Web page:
Archive for July, 2010

Mars Hoax Season Is Upon Us Again or its Duck Season, Maybe its Wabbit Season I forgot.

Wednesday, July 28th, 2010

It’s about this time every year we start seeing the Hoax about Mars being almost the sizeof a quarter at arm’s length. Much like political mudslinging campaigns the truth or lack thereof is stretched so far out its almost believable. The following link by Jane Houston Jones (the same person that does the NASA JPL What Up? Every month) explains the Mars Hoax.

Mars in August 2010.

Neil deGrasse Tyson: Astrophysicist How he got hooked on Astronomy

Tuesday, July 20th, 2010

Caroline Moore: Teen Astronomer found rare supernova

Tuesday, July 20th, 2010

Wow a 30 inch Dob.

Monday, July 19th, 2010

This weekend we had our Monthly Public Star Party at Observatory Park on Saturday.
The weather cooperated with us again for the 2nd month in a row the weather will start out cloudy windy and threating rain. Then the Sun goes down and the clouds go away, and tada it clear. I think this is the reason why we have had such low turnouts the last two month. People see its cloudy and think it’s going to be a bad night. I’m real glad it worked out. Neil from our group brought out his 30 inch dob to share with everyone. You can see it at this link in our gallery under star parties July 17, 2010 Public Star Party Wow M13 looks like you could almost count ever star in it. Then Jupiter oh me oh my gosh……

What is Epsilon Aurigae?

Saturday, July 17th, 2010

You can contribute to the understanding of the universe that we all share.

Help us solve the mystery of epsilon Aurigae, a star that has baffled scientists since 1821. You don’t need any prior scientific training— we will give you all of the tools you need to become a citizen scientist*.

Everyone, regardless of science background, can play a role in the Citizen Sky Project… discover yours! Get involved and you can do things like:

Learn about Astronomy Observe Stars Collaborate
Create Theories Study Data Publish Papers

*Citizen scientists are volunteers, many of whom have no prior scientific training, who work with trained scientific researchers to answer real-world questions. This means YOU!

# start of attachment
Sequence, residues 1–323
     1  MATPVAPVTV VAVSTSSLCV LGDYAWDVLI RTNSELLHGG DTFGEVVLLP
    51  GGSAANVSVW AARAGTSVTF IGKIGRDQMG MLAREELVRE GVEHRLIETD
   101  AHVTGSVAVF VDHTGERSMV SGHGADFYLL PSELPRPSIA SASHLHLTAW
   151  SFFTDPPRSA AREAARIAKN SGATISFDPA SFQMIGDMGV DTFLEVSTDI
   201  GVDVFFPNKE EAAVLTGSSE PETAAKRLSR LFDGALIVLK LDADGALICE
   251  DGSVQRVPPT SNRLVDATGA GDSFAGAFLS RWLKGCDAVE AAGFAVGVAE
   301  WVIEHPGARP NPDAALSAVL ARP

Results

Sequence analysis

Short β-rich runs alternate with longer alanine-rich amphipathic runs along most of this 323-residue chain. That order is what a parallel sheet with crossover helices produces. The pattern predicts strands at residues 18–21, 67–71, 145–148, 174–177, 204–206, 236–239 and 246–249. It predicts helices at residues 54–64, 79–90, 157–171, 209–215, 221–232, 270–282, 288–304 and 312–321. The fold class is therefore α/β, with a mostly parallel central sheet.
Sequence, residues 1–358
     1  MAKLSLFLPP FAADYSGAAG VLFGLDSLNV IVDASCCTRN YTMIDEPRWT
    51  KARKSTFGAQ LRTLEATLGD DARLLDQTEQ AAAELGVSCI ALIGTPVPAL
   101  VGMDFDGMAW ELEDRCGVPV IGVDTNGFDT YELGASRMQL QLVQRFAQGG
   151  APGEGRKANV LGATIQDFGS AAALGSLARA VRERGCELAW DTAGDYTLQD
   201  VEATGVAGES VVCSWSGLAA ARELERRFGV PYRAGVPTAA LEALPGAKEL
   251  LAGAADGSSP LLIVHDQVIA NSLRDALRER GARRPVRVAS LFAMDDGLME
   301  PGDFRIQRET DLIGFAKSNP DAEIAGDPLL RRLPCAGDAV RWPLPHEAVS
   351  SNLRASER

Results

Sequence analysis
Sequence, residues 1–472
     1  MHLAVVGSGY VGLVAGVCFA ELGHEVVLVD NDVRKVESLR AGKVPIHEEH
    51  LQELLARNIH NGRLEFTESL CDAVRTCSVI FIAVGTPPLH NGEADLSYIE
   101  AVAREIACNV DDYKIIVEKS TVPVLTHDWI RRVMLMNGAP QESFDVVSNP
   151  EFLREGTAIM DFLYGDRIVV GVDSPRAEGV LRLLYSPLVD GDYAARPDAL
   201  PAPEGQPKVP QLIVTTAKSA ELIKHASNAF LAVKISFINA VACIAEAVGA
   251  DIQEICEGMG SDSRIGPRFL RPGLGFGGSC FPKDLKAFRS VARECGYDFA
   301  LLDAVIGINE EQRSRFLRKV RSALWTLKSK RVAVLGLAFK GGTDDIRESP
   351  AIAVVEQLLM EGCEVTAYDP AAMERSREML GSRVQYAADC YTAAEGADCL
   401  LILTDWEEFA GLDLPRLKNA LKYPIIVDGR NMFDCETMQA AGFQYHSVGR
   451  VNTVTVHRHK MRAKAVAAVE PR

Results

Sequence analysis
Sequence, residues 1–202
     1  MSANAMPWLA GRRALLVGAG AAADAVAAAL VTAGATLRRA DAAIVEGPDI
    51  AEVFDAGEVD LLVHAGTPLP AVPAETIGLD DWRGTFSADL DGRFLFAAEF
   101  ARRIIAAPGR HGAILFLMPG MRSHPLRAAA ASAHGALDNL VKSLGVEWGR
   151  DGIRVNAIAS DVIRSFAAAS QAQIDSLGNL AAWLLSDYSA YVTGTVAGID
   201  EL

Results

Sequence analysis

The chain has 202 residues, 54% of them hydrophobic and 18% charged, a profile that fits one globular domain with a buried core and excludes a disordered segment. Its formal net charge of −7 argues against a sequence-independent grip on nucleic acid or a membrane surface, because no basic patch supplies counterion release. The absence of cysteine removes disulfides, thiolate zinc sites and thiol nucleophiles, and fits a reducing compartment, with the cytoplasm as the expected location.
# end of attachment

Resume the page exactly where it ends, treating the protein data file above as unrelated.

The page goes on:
Click here to goto for more information.

NASA and Microsoft Provide Mars 3-D Close Encounter

Tuesday, July 13th, 2010

PASADENA, Calif. — NASA and Microsoft Research are bringing Mars to life with new features in the WorldWide Telescope software that provide viewers with a high-resolution 3-D map of the Red Planet.

Microsoft’s online virtual telescope explores the universe using images NASA spacecraft return from other worlds. Teams at NASA’s Ames Research Center in Moffett Field, Calif., and Microsoft in Redmond, Wash., jointly developed the software necessary to make NASA’s planetary data available in WorldWide Telescope.

Click the link below for the full story.
NASA Jet Propulsion Laboratory.

Juno Taking Shape in Denver

Tuesday, July 13th, 2010

Juno is the next spacecraft to be sent in orbit around Jupiter. It will investigate if Jupiter has a solid rocky core.
The space craft is being built at the Denver Lockheed Martin Space System facility.

Click on the link below for the full story.
a href=””>Juno Taking Shape in Denver.

Total Solar Eclipse Wows Skywatchers In South Pacific

Monday, July 12th, 2010

A total solar eclipse arced across the southern Pacific Ocean Sunday, blotting out the sun and offering stunning views to skywatchers, some of whom ventured to remote islands or rode cruise ships just to see the event.

Click the link below for the full story. — Total Solar Eclipse Wows Skywatchers In South Pacific.

Animated July 11th 2010 Eclipse of the Sun

Heavy Metal Rock Set to Take the Stage – NASA Jet Propulsion Laboratory

Saturday, July 10th, 2010

PASADENA, Calif. – On its way to a 2014 rendezvous with comet 67P/Churyumov-Gerasimenko, the European Space Agency’s Rosetta spacecraft, with NASA instruments aboard, will fly past asteroid Lutetia this Saturday, July 10.
The instruments aboard Rosetta will record the first close-up image of a metal asteroid. They will also make measurements to help scientists derive the mass of the object, understand the properties of the asteroid’s surface crust, record the solar wind in the vicinity and look for evidence of an atmosphere. The spacecraft will pass the asteroid at a minimum distance of 3,160 kilometers (1,950 miles) and at a velocity of 15 kilometers (9 miles) per second.

Click on the link below for the full story
Heavy Metal Rock Set to Take the Stage – NASA Jet Propulsion Laboratory.

NASA – Planck Takes It All In

Wednesday, July 7th, 2010

07.06.10 — A new image from the Planck mission shows what it’s been up to for the past year — surveying the entire sky for clues to our universal origins

Click the link below for the full story
NASA – Planck.